Meghan put the pan of boiling water in front of me. I always had to dunk. She hated the stench of it. Father had just butchered twenty hens. After he cut their heads off, their bloody bodies flew across the field, white hot shots of crimson lightning. I had to run after them and collect them in a pile. Meghan stood back watching it all with her arms crossed and her face disgusted. I held the first body upside down by the ankles and dunked it into the boiling water. The stink of matted feathers, boiled skin, and blood steamed up into my hair. 

It seems obvious, right, that a book called Earth would heal my relationship to the earth, but still the healing that happened afterwards took me quite by surprise. I am not the only one with a confused relationship to animals and the earth,. As a book coach, I’ve come across many people who do not necessarily have a healthy relationship to nature. Either they were raised in a city apartment and had no experience of nature, or their manicured suburb had no hint of the true wildness of real nature, or their relationship with plants and animals was discouraged for more successful pursuits. 

The healing that happened in my relationship to nature was multi-dimensional and as I’ve said, unexpected. I hadn’t lived near nature my entire adult life. After college I moved away from the Midwest and became an international journalist, living and working in Tokyo, throughout Southeast Asia and in London. I then lived in Seattle and near Boston. I had absolutely no relationship to the land.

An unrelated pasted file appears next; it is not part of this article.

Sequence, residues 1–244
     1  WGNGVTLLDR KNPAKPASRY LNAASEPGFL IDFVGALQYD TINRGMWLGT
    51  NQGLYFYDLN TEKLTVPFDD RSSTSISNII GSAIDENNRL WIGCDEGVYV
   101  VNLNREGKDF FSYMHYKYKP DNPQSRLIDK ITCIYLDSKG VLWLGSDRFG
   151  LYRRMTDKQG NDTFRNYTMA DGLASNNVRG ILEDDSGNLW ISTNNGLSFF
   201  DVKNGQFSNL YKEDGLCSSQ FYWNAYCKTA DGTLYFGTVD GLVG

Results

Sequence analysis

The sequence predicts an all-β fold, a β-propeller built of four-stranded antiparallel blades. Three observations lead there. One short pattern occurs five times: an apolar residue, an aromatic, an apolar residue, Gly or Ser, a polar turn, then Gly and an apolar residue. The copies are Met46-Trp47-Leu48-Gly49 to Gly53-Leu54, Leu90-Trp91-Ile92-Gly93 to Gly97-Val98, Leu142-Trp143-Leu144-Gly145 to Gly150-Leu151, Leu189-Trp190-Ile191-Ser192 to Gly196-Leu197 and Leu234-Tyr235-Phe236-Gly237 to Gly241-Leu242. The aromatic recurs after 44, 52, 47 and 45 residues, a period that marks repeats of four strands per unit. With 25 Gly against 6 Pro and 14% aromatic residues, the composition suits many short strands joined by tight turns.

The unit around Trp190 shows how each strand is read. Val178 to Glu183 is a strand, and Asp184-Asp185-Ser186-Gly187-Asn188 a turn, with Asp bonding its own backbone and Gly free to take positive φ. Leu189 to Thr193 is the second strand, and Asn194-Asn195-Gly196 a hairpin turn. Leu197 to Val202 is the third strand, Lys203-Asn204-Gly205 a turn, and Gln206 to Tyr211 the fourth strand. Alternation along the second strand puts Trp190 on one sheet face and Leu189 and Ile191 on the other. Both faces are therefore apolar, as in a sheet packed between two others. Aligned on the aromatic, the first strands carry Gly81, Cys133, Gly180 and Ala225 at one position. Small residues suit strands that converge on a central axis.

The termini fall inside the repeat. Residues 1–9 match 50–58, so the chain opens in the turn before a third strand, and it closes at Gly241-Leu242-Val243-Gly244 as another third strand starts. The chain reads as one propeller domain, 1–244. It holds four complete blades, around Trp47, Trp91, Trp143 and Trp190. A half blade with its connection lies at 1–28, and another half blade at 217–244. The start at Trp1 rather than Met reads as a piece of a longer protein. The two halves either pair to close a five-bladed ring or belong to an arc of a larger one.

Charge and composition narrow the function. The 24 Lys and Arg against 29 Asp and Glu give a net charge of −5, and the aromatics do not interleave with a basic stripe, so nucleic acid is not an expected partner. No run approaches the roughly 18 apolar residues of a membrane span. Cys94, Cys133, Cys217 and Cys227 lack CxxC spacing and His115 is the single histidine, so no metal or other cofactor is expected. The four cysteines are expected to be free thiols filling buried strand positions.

Forget not that the earth delights to feel your bare feet, 
and the winds long to play with your hair. 
- Khalil Gibran 

When I finished Earth, I found myself choosing rural Oregon as my next home. I lived near farm animals for the first time since I was a kid. It was so silent at night that I couldn’t sleep -- the quiet roared loudly in my ears. I was blown away by the magic of fog playing in moss-covered branches. My poor Facebook friends were regaled with hundreds of bucolic photos. 

It’s been three years now, and in my healing with the earth, I have come to understand that the single greatest thing a person can do to shift the global abuse of nature, whether it’s toxification of the soil, air pollution, deforestation, or animal abuse is to have a personal relationship with the soil, with trees and with animals. Then our fight for this earth transcends the intellectual and becomes personal. 

I’m also a visual artist and during this healing process, I found myself painting the portraits of goats, deer, sheep and cows. I partnered with farm animal rights movements to help raise awareness using visual art. Believe me, if you’d have told me five years ago I’d be living in rural Oregon hanging out with cows, I would have laughed at you. 

I found myself going vegan. As an adult, as my friends could tell you, I was a lover of fat greasy bacon cheese burgers, and thick bloody steaks. But something happened spiritually, and I just didn’t want to kill animals anymore. 

I now live on 88 acres. Some days I cannot believe it myself. I take hour-long walks in the woods with my dog, Atlas. Every day, I learn anew that the only real way any of us are going to heal the planet is to heal our connection to rock and river. And that begins with having some kind of connection to blackberry bushes and wild rabbits. That means going deep into the forest and listening to the trees. 

Caroline Allen is the author of the Elemental Journey Series: Earth, Air, Fire, Water. Earth was published in 2015 by Booktrope Editiosn. Air is due out this autumn . To learn more about Caroline, her novels, visual art and book coaching business, go to Artwork by Caroline Allen, Blue Goat, part of Operation 365, one painting a day for one year. 

The prize will be a 9x12 original watercolor painting that was done as part of Op365, featured on   It has a retail value of $125.